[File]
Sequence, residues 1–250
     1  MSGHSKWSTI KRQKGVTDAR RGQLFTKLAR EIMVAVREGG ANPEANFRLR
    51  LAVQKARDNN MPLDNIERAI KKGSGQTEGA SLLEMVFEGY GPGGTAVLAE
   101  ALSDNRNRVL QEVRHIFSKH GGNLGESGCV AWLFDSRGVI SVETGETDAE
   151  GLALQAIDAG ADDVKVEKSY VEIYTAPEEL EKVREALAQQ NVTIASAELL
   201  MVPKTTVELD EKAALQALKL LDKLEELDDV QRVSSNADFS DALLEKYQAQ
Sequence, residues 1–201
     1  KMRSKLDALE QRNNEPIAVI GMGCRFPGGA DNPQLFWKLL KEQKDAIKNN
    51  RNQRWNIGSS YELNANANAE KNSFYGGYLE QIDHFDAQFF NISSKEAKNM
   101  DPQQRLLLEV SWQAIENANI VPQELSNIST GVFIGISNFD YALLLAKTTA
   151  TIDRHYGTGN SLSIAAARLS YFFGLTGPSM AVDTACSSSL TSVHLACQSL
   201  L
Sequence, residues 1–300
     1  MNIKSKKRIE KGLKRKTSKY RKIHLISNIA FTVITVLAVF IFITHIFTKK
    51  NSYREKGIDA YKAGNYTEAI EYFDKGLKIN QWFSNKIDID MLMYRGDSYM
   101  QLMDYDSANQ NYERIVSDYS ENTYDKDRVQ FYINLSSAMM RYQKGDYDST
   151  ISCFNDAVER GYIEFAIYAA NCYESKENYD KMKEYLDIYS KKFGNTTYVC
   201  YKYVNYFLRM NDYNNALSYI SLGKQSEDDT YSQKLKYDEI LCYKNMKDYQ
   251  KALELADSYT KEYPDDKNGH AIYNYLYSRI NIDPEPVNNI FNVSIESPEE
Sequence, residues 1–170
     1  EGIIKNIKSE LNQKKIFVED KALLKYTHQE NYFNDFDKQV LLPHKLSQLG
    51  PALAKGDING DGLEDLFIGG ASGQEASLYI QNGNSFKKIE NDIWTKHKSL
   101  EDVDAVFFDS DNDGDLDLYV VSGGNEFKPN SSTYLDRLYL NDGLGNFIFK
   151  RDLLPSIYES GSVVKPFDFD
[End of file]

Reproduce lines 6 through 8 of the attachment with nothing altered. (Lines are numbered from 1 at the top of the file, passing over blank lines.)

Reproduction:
   201  MVPKTTVELD EKAALQALKL LDKLEELDDV QRVSSNADFS DALLEKYQAQ
Sequence, residues 1–201
     1  KMRSKLDALE QRNNEPIAVI GMGCRFPGGA DNPQLFWKLL KEQKDAIKNN